But farther south are more remote parts of the Laurel Highlands that are unique, scenic and ecologically significant.
I recently visited such a spot; a dramatic rock outcrop in Fayette County called White Rocks. One of the best trails to it crosses pristine brooks and meanders through a dense, mixed forest of tulip, birch, pitch pine and oak.
When you reach White Rocks, the landscape changes dramatically. The massive, 100-yard-long outcrop protrudes high over a valley, providing sweeping views of the forest. White Rocks is made of a hard sedimentary rock called Pottsville sandstone. It is home to rare species, such as the green salamander and the one-spotted tiger beetle, which shelter in the small crevices in the stone and surrounding forest.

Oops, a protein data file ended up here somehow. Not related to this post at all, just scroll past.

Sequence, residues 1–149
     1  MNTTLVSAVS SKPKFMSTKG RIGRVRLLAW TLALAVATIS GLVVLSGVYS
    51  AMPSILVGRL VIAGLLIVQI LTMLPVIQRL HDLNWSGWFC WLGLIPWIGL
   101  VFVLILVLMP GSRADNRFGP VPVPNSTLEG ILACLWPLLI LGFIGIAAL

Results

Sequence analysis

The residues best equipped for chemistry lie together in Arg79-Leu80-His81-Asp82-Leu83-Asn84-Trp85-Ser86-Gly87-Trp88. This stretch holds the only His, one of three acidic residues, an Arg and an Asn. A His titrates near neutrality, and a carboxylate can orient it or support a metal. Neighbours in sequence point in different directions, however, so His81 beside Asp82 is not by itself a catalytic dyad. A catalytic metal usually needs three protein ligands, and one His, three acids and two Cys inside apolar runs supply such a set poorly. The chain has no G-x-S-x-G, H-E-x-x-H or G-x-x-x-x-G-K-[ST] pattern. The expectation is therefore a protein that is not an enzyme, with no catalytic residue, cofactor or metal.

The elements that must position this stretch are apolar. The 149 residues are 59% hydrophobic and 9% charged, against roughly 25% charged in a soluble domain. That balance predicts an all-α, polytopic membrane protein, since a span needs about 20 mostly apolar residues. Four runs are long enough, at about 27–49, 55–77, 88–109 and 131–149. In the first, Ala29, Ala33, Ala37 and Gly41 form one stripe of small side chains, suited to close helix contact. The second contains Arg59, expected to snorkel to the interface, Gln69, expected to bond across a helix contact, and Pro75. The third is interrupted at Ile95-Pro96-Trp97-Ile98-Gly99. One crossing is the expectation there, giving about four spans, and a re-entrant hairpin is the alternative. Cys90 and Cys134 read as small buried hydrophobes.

In 2007, the Western Pennsylvania Conservancy protected the 800-acre White Rocks property and transferred it to the Pennsylvania Bureau of Forestry. It’s now part of Forbes State Forest.